At the Ferma Forum in Stockholm, Andrew Chester, head of the broker Bowring Marsh UK, answers StrategicRISK’s questions about the market

What is the outlook for the commercial insurance market?

What we are saying is the natural catastrophe losses that have taken place in Japan, New Zealand and Australia, as well as the US tornadoes, we are seeing those numbers moving out. Not dramatically but we are seeing an average six percent creep.

What impact has the US hurricane season had on the market?

Hurricane Irene is the only storm to make US landfall this season. But there is still some ways to go in the season so it is still a bit early to call.

What is the market picture coming into 1 January renewals?

The renewals will be heavily dependent on the balance of the year, especially in terms of the remainder of the hurricane season.

Tell us about rates?

I think rates for the third quarter have been geneally stable, however we have seen some reductions. This is really where customers are really genuinely affected by risks to the profile they have and the loss estimates they have, and even the risk management programs that are maturing. Where businesses are able to explain all of that, we are seeing reductions.

Why hasn’t the market turned despite the catastrophe losses?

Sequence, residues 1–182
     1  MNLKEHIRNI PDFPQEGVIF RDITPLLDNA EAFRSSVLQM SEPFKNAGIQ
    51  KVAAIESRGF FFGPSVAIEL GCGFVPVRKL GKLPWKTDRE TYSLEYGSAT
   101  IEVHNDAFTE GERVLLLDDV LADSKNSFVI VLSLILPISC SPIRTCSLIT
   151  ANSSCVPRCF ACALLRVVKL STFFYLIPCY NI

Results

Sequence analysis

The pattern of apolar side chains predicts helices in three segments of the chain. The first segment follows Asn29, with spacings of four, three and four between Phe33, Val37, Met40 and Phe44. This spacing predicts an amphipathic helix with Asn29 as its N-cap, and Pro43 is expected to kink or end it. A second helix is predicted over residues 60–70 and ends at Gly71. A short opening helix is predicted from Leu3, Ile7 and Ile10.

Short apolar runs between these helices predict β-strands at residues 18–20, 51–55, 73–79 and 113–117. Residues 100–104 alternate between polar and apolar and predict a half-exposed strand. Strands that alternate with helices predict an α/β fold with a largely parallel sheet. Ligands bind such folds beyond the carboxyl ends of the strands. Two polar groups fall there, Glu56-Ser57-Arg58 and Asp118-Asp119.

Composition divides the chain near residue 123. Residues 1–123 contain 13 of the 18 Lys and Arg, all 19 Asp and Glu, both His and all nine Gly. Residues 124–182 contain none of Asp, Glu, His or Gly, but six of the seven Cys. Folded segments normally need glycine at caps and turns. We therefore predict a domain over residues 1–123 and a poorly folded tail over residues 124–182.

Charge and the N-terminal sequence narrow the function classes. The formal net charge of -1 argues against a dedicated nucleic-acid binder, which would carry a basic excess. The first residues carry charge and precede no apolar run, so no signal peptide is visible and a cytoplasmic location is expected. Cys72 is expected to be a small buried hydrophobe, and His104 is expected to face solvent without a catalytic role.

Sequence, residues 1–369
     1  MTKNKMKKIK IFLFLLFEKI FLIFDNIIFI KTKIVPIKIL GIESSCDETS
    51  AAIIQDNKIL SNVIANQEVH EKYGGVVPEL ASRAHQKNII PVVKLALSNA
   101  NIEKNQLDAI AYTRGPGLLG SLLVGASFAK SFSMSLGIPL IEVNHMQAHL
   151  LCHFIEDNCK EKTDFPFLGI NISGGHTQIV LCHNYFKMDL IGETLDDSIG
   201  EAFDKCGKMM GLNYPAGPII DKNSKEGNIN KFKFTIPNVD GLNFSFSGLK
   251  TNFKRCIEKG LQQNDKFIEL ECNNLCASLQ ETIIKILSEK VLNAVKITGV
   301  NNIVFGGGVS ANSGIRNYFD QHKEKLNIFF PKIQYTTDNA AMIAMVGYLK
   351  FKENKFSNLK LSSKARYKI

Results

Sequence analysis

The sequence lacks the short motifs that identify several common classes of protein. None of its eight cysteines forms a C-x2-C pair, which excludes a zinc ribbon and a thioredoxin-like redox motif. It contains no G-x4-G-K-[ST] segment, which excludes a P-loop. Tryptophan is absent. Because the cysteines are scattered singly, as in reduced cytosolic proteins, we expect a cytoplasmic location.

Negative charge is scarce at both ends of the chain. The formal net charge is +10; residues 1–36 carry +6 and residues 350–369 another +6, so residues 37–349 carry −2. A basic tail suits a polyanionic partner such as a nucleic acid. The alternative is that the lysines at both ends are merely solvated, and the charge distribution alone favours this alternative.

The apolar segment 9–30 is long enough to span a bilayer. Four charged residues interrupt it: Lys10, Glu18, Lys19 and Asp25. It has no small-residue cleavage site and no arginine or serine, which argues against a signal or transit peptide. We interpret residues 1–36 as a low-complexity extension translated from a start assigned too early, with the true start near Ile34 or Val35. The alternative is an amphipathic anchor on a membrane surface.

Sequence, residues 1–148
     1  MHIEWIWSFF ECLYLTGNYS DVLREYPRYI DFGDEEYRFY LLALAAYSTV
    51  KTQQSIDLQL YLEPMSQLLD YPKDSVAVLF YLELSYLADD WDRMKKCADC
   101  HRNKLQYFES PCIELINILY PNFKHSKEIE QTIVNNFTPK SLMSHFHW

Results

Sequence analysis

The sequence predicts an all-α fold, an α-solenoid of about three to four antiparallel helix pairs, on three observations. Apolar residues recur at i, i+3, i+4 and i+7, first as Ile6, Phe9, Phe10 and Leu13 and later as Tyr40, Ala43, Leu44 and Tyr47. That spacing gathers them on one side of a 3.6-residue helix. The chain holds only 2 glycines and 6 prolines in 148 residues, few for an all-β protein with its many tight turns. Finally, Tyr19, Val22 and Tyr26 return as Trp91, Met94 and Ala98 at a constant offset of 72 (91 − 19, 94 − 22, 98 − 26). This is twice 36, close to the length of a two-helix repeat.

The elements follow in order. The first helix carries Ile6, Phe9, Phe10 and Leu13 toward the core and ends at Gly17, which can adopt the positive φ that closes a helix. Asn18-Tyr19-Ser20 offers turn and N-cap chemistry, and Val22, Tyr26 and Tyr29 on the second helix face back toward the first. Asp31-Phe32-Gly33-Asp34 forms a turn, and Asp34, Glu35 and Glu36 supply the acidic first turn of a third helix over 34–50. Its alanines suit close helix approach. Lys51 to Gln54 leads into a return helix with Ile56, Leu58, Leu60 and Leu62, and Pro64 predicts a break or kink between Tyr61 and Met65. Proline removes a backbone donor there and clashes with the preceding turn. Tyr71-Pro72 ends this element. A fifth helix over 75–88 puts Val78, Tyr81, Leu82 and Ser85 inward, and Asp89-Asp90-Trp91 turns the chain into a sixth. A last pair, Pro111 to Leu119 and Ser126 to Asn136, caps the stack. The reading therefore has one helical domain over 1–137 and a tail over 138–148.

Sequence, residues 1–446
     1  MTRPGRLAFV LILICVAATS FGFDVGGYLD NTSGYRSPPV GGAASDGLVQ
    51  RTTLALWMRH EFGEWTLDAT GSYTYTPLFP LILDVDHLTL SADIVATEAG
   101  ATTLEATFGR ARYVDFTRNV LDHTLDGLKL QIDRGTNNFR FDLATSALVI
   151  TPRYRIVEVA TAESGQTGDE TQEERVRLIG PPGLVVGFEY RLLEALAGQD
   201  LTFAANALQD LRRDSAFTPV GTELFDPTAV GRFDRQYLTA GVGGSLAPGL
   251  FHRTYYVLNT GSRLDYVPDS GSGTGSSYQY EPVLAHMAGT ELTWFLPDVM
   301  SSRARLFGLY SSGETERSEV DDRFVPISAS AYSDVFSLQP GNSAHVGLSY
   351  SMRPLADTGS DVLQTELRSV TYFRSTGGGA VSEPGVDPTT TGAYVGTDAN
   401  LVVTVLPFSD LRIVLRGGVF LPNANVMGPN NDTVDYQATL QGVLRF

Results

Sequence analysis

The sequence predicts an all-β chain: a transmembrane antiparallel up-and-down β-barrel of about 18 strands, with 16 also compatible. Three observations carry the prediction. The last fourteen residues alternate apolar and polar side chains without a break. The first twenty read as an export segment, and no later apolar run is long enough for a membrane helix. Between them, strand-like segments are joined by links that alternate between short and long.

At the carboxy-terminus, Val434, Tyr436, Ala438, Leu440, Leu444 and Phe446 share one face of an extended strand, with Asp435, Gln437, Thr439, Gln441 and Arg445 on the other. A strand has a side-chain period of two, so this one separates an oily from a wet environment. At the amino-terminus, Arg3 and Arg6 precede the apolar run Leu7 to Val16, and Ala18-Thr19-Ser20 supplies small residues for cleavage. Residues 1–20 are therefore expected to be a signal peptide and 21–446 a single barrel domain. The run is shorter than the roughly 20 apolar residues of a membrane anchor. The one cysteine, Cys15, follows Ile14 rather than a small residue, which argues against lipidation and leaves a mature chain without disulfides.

It is about excess capital, simple as that. Plus most of the events have been non-US. According treaty brokers I have spoken to, there is adequate capitalisation. But of course whilst we have had $70bn of estimated losses, even that sort of mlney provides an earnings event as opposed to a capital event.

There wil be damage to what they call the “excess capital buffer”, it won’t be totally removed. That is why we are not seeing a general hardening of the market.

What has the impact of RMS version 11 had on the market in the third quarter?

We are beginning to see some impact from that. What we are seeing is the US inland risk estimates are rising substantially. The experts are telling us to adjust rates because the hurricanes are not disappating quite as quickly as version 9 of the model was suggesting. It is too early to determine the full impact but some insurance companies will see a rise in aggregate exposures as a consequence of this new model, therefore some carriers will require more capital and or more treaty protection than perhaps they were buying up to now.

How would you rate 2011 catastrophe losses in historical terms?

2011 is second only to 2005. But in actual fact, the first half of this year has seen five times the ten-year average losses.

What, if any, positives have come out of the catastrophes losses this year?

We are now seeing a lot more customers visiting us in London from New Zealand than we have seen in many years. The fact that Lloyd’s can write direct to New Zealand is of particular importance.

What else is affecting the insurance market?

It is important to note the affect of the macro economics on the market. Some of these are subdued growth, low interest rates, low investment returns and more discussion that ever around the sovereign debt crisis. We have been working for years on the basis that government bonds were “safe” but the yields on those are at a 30-year low. The US sovereign debt downgrade is yet to cause problems but clearly it is a new factor.